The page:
Split into two teams, it takes two to three hours to complete the survey, which includes looking for signs of dented piping or loose bricks inside the flame trench.

Each of the engineers knows a specific area of the launch pad and evaluates that area closely during the inspection. When it’s finished, they can offer a conclusive report of what items broke loose, what should be replaced or moved to a different part of the pad, and what damage parts of the pad incurred, such as the hold-down posts that connect the boosters to the launch platform.

The inspections are so detailed in part because the information will go back to more than 35 organizations, directorates and companies that can’t go out and look at the launch pad firsthand with the team. The team itself is made up of engineers from NASA, United Space Alliance, Boeing and Lockheed Martin.

There are a few surprises for the group, but the most consistent shock is that launch pads survive incredibly well despite forces far stronger than most buildings face.

“You have a steel structure a half-mile from the ocean and it’s been there for 40 years and you’re setting a controlled explosion off on it,” Painter said.

For Linder, the best part of the whole inspection is getting back to the office to write the report. The group gathers around a desk and before long some of the snacks and candy that had been tucked inside desks fuels a couple hours of camaraderie.

“I guess it’s the fellowship,” Linderman said.

That feeling is shared by others on the team.

“It’s dirty, it’s hot, it’s smelly and it’s fun,” Stresau said.

Landing Day for Endeavour and Crew


The shuttle crew was awakened at 2:03 a.m. EDT by the song “Beautiful Day” performed by the band U2. The song was selected for Mission Specialist Tom Marshburn.

Space shuttle Endeavour is scheduled to land at Florida’s Kennedy Space Center Today with a touchdown at 10:48 a.m. The shuttle would begin its descent from orbit with a deorbit engine firing at 9:42 a.m. Weather conditions at Kennedy are forecast to be favorable for landing, although a slight chance of rain is possible.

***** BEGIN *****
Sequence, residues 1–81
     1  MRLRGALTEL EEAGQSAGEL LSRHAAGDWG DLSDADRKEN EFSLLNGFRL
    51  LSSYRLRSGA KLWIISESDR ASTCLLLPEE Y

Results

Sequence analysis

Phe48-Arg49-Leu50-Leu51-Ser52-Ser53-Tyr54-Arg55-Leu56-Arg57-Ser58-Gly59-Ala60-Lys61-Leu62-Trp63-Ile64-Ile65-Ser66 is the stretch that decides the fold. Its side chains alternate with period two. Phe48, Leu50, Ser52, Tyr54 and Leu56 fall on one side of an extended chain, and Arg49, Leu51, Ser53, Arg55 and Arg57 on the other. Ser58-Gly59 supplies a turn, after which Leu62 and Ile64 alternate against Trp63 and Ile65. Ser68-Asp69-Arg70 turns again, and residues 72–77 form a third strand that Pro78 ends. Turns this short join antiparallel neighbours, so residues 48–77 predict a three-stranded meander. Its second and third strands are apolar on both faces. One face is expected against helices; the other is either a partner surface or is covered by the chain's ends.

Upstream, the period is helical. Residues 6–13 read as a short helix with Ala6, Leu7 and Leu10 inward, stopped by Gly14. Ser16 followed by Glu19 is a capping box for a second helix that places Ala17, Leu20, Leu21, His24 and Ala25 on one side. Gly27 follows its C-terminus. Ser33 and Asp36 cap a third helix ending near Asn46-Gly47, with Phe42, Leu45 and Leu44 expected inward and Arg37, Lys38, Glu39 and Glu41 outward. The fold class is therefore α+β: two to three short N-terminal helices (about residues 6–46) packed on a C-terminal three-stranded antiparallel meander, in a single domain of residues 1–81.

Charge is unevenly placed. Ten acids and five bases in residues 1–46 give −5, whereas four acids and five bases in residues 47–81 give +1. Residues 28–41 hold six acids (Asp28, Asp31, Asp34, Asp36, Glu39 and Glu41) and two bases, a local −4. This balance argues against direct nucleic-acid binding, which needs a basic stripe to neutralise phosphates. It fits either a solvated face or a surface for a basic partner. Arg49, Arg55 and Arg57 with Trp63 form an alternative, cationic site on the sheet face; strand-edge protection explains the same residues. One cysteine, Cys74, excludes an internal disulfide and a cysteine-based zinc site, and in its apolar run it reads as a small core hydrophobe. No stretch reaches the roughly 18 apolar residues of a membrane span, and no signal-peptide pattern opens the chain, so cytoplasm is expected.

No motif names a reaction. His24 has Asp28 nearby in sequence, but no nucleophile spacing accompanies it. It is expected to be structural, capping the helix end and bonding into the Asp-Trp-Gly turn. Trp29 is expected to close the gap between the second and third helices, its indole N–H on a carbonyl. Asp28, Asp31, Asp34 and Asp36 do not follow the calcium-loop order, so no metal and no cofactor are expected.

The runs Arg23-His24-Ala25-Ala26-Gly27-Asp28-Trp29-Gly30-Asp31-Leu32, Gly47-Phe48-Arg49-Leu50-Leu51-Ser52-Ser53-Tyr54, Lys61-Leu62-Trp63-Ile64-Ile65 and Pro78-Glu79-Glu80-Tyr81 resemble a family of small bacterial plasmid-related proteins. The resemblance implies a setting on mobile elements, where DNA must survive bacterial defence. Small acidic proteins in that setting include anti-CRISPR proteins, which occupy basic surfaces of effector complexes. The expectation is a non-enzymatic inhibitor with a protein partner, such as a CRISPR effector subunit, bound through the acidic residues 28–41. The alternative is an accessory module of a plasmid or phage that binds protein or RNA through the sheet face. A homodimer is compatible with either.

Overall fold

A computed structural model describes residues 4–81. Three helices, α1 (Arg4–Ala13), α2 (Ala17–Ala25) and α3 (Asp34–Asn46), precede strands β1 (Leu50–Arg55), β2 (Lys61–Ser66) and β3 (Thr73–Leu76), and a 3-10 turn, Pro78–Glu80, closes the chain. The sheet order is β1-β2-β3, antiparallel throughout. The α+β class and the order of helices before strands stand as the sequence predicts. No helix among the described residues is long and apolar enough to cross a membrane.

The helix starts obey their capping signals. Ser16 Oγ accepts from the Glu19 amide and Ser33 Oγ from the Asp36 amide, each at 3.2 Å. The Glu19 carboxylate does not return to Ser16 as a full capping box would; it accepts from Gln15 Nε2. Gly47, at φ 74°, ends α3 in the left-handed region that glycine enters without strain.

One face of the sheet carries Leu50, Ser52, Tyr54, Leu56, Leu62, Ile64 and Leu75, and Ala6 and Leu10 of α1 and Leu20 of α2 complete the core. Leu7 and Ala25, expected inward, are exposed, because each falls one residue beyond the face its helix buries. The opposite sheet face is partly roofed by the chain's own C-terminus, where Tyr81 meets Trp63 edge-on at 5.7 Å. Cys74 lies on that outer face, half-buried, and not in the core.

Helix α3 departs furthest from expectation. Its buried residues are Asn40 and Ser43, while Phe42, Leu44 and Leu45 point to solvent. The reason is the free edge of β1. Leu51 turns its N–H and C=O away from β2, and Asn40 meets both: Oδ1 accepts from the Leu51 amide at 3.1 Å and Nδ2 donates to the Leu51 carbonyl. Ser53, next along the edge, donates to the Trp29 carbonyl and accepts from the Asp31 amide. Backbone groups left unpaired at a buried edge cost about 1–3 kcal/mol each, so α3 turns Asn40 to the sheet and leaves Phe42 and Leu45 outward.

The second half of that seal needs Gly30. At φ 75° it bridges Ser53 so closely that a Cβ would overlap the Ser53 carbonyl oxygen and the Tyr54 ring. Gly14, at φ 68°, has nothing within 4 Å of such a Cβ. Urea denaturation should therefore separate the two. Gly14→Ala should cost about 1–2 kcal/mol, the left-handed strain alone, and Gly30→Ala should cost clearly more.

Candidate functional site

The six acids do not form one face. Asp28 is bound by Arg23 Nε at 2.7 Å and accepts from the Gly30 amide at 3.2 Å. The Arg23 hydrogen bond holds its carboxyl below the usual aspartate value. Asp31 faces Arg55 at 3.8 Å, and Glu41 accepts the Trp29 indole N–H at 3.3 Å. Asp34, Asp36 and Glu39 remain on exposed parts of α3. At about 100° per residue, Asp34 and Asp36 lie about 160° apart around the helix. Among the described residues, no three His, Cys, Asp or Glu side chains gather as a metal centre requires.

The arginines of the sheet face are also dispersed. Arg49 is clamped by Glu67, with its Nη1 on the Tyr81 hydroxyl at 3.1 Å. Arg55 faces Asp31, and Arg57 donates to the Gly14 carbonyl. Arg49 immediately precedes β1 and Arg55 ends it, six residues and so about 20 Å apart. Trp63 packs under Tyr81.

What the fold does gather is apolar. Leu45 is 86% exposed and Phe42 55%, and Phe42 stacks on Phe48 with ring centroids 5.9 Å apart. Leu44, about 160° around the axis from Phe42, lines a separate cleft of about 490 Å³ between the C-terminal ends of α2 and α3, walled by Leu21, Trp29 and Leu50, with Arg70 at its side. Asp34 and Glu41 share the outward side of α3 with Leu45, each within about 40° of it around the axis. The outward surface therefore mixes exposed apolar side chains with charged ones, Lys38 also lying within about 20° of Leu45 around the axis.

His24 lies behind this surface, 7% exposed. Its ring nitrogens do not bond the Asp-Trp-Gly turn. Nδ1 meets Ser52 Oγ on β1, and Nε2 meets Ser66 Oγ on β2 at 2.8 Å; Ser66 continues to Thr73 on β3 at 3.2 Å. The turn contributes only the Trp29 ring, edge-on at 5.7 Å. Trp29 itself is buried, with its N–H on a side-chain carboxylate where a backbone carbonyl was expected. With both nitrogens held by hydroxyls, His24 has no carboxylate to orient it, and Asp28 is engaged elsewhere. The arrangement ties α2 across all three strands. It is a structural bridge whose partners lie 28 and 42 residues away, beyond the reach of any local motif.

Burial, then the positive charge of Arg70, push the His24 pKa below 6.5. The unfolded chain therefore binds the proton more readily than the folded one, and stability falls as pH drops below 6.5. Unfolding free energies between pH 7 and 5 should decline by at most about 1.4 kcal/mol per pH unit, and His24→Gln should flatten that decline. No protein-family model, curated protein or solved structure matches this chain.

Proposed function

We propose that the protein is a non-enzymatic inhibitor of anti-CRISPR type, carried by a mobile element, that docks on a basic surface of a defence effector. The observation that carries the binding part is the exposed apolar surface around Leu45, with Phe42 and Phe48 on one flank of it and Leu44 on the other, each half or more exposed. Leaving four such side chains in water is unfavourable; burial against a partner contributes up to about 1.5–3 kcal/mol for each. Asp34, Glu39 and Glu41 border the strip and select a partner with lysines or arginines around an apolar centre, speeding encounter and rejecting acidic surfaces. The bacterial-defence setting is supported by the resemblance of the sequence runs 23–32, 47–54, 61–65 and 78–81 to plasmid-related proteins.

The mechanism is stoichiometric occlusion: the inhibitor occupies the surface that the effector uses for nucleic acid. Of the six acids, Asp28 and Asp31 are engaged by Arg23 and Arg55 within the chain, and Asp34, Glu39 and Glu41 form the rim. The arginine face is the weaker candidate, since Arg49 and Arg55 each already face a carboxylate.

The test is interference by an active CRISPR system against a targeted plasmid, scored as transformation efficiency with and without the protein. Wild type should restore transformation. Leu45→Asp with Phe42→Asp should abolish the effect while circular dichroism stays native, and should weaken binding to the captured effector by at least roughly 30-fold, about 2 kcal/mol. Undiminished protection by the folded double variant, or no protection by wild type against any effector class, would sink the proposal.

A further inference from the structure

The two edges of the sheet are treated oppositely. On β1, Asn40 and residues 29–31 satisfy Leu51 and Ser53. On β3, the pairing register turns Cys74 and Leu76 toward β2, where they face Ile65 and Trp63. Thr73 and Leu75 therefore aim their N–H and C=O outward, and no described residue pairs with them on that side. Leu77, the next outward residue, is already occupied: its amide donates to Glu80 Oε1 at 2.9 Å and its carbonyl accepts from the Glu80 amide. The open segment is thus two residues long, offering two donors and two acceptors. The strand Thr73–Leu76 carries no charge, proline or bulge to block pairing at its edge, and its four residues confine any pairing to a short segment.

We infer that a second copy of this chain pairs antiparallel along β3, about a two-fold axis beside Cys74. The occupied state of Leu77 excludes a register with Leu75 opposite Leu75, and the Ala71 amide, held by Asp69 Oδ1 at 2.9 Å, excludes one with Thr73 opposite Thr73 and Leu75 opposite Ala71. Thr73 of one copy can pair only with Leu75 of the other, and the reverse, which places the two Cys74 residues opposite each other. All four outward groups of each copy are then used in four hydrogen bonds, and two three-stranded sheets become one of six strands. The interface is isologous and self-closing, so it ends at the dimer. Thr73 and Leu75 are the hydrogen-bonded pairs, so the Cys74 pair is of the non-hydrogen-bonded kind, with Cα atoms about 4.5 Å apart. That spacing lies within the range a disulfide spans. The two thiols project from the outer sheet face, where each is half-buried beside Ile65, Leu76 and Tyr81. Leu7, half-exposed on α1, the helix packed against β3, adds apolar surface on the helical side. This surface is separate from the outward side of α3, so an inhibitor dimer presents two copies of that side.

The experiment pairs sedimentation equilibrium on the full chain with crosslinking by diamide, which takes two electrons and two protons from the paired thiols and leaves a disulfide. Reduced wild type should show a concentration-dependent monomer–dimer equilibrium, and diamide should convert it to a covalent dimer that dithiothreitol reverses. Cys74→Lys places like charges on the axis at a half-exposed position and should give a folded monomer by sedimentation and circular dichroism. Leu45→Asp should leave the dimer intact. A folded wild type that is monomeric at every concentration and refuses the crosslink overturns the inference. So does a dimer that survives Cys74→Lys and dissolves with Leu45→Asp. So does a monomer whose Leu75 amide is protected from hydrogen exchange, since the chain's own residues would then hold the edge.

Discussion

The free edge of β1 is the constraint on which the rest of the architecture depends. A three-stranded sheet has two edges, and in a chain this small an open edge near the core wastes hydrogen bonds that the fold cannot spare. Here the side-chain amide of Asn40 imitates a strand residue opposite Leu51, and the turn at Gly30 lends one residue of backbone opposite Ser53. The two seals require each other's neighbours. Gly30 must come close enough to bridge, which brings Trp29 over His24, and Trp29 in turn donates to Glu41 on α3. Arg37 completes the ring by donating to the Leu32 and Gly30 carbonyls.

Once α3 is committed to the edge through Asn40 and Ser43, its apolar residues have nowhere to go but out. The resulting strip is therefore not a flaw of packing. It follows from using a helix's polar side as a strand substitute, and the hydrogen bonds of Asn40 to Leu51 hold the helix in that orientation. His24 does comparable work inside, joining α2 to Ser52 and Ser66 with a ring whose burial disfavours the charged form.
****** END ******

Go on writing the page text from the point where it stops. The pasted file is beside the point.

SPACE WALLPAPER: Endeavour Climbs Toward Orbit


(Above) Space Shuttle Endeavour (STS-127) climbs toward orbit after its liftoff at 6:03 p.m. EDT on Wednesday, July 15 from NASA’s Kennedy Space Center in Florida.


Space Shuttle Crew Set To Return To Earth Friday


Space shuttle Endeavour and its seven-member crew are scheduled to return to Earth on Friday after a 16-day mission. There are two landing opportunities at NASA’s Kennedy Space Center in Florida at 10:48 a.m. and 12:23 p.m. EDT.

NASA will evaluate weather conditions at Kennedy before permitting Endeavour and its crew to land. If weather prevents a return to Kennedy on Friday, the backup landing site at Edwards Air Force Base in California will be activated Saturday for consideration as well.

Approximately two hours after landing, NASA officials will hold a media briefing to discuss the mission. The participants will be:

  • Bill Gerstenmaier, associate administrator for the Space Operations Mission Directorate at NASA Headquarters in Washington
  • Keiji Tachikawa, president, Japan Aerospace Exploration Agency
  • Benoit Marcotte, director genenal, operations, Canadian Space Agency
  • Mike Moses, space shuttle launch integration manager
  • Pete Nickolenko, STS-127 launch director

After touchdown in Florida, the astronauts will undergo physical examinations and meet with their families. The crew is expected to hold a news conference at approximately 3:15 p.m. Both news events will be broadcast live on Galaxy Wire TV.

US NAVY’s ANDE-2 SAT launched aboard Endeavour

(Above) ANDE-2 is a low-cost mission designed to study the atmosphere of the Earth from low-Earth orbit by monitoring total atmospheric density between 300 and 400 km altitude.